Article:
The Washington PostDemocracy Dies in Darkness

Opinion Why France’s overseas territories are voting for anyone but Macron

A voter prepares to cast his vote at a polling station in Fort-de-France, on the French Caribbean island of Martinique, on June 18. (Stephane De Sakutin/AFP/Getty Images)
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On April 24, the day of the final round of France’s presidential election, many woke up to a chilling development: Majorities in the overseas departments (or territories) of Martinique, Guadeloupe and French Guiana — who cast their vote a day early due to time difference — voted for far-right candidate Marine Le Pen over President Emmanuel Macron.

Though Macron ultimately won the election, Le Pen won 41 percent of the total vote, the far-right’s best-ever performance in a French presidential election. More than 60 percent of voters in each of the three departments, along with majorities in the Indian Ocean departments of Mayotte and Réunion, contributed to that.

Yet just two weeks earlier in the election’s first round, leftist politician Jean-Luc Mélenchon won 40 percent of the votes from overseas territories, nearly twice his national rate. And in the parliamentary elections this month, no candidate from Le Pen’s National Rally was elected from overseas departments. The left, on the other hand, performed strongly, with the NUPES coalition winning six out of seven seats in Réunion. The majority of constituencies in Martinique, Guadeloupe and French Guiana also voted for candidates from the left or local parties.

What explains these seemingly puzzling trends? Part of the story could be distrust in the system: The most popular position overseas was abstaining from voting. But, in fact, the results were also a clear rejection of Macron.

In the 2017 presidential election, Macron won the second round in these departments by a significant margin. Yet since then, he has been a major disappointment to these populations.

France’s overseas territories — formerly colonies — have long faced discriminatory treatment and continue to experience injustices and neglect today. For example, a toxic pesticide that was banned in mainland France in 1990 continued to be permitted in departments for years; an estimated 95 percent of Guadeloupeans and 92 percent of Martiniquans were exposed to it. Would such conditions have been allowed to proliferate in the mainland? Likewise, until 1996, France applied a minimum wage in departments that was lower than in continental France.

Since coming to power, Macron’s government has done little to prioritize the concerns of those in departments. Consider the situation in Guadeloupe. After a fire in 2017, the territory’s university hospital closed its doors for months and subsequently worked under greatly reduced capacity; it still faces staffing and resource issues. Safe access to drinking water — a fundamental human right — has also been a problem in the department for decades and continues to this day thanks to decaying infrastructure.

In French Guiana, months after Macron’s 2017 election, a social movement emerged to protest the vast disparities in public services offered in the territory. The president — who as a candidate incorrectly referred to the South American department as an “island” — responded drily to the social unrest, saying he was “no Santa Claus.”

His government later shut down France Ô, the public channel dedicated to overseas territories, with Macron saying it was “not essential.”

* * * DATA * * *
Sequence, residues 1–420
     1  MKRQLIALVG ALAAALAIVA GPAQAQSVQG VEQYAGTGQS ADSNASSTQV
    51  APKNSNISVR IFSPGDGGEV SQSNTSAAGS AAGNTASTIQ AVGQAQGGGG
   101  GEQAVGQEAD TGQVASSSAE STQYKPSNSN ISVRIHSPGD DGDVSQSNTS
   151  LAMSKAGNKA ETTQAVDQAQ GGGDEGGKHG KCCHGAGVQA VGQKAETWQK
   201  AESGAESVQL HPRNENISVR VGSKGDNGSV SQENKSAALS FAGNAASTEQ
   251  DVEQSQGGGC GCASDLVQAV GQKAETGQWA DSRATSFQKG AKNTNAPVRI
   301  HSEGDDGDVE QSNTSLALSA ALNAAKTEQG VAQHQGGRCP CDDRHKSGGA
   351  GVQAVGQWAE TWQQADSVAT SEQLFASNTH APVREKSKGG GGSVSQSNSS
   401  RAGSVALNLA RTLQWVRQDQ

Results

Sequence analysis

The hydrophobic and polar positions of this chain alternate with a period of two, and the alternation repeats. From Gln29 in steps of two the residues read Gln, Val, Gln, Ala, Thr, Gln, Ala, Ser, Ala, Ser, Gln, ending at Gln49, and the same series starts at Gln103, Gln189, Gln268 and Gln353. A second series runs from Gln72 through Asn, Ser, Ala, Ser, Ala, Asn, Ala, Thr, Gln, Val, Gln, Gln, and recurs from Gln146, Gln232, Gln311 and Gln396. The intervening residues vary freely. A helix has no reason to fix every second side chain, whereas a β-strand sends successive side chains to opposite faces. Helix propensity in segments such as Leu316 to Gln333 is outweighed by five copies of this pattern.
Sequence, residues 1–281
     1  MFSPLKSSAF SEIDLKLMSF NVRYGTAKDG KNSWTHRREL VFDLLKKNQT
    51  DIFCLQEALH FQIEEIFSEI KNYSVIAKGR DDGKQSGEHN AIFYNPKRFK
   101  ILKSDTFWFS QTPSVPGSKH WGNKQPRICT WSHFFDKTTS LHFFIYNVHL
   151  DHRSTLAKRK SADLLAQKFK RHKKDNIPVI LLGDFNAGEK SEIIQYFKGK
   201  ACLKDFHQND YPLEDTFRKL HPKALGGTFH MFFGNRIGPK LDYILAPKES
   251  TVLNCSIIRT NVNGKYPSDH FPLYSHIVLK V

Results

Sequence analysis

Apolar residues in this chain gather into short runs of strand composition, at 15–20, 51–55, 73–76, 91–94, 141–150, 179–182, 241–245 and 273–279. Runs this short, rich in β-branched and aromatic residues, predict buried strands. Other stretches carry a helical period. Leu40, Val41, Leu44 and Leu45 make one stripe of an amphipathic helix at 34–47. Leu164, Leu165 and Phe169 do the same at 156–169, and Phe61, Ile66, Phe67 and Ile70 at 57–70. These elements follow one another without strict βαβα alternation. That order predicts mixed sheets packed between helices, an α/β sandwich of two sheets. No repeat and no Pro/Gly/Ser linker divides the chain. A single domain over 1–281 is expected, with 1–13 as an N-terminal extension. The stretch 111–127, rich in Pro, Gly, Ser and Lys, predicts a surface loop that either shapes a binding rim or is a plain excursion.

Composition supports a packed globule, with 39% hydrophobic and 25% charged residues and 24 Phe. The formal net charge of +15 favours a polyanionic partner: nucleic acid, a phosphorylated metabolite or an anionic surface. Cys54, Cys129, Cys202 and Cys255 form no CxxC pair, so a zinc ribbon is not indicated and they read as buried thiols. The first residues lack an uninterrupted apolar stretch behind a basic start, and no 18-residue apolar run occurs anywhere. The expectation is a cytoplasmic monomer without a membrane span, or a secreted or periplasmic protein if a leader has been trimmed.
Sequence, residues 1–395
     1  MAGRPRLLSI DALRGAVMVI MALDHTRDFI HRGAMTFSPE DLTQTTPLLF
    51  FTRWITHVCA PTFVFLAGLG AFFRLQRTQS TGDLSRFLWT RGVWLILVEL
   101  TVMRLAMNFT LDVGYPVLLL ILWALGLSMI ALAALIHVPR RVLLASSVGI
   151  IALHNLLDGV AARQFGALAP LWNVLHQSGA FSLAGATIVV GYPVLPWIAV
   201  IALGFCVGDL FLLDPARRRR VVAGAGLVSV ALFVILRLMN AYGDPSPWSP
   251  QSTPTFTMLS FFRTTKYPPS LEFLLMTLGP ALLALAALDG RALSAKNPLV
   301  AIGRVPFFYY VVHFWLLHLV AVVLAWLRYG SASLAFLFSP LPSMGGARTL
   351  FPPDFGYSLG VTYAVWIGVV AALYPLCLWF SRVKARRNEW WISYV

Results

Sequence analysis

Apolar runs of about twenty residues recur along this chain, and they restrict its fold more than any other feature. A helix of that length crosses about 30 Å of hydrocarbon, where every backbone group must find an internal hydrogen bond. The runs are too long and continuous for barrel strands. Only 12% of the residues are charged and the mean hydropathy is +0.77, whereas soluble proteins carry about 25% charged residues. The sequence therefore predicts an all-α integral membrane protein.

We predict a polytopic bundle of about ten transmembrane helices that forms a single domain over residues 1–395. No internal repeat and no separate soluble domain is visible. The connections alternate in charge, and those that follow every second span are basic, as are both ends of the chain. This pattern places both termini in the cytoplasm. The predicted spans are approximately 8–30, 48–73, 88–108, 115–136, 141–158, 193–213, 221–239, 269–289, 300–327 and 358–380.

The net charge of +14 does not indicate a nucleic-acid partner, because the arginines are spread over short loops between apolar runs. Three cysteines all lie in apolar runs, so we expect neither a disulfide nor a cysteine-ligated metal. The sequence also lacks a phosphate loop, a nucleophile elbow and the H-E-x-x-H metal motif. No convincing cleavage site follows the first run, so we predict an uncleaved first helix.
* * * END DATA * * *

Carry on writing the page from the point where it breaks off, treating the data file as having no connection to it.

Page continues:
The pandemic — and the French government’s top-down approach to handling it — only exacerbated distrust and suspicion. After years of contempt and disregard, how could citizens in departments trust the state to suddenly prioritize their health? Restrictive measures were generally announced by prefects — representatives of the French state — rather than local elected officials, adding to the impression that the former colonizer was imposing policies without taking the local context into account.

Then, when unrest broke out against the measures in Martinique and Guadeloupe, the government sent a special police unit to the territories. This felt outrageous to residents, given that public services were still so defective and lasting issues had been ignored for so long.

France’s overseas territories were once known for their strong antipathy toward the far right. While attempting to visit Martinique in 1987, Marine Le Pen’s father, Jean-Marie Le Pen, was prevented from landing by protesters. In 1997, connecting in Martinique en route to Puerto Rico, he was heckled by activists. But the far right does not frighten younger generations as much as their elders. In April, Martiniquan scholar Myriam Moïse argued that Le Pen’s performance in the presidential election was “an insult to our ancestors” who had “fought racism and hate.”

As hard as it is to acknowledge, xenophobia is also on the rise in several of these territories and likely part of the mix that boosted the far right. In French Guiana — whose border with Brazil is the largest between France and another country — the League of Human Rights denounced recent incidents of “xenophobic violence.” Similarly, in Mayotte, an island in the Indian Ocean, militias have been created to harass people who are undocumented from the Comoros. In the presidential election, Le Pen — with her record of Islamophobic rhetoric and positions — led in both rounds in Mayotte, though nearly 95 percent of the local population is Muslim.

The anger against the state in France’s overseas territories is understandable. Still, the rise of the far right in these territories reflects how effective the National Rally has been in reshaping its image. Macron and other politicians in power should not neglect this new threat to the ideals of the French republic — and should act to ensure that citizens living in departments feel valued and heard.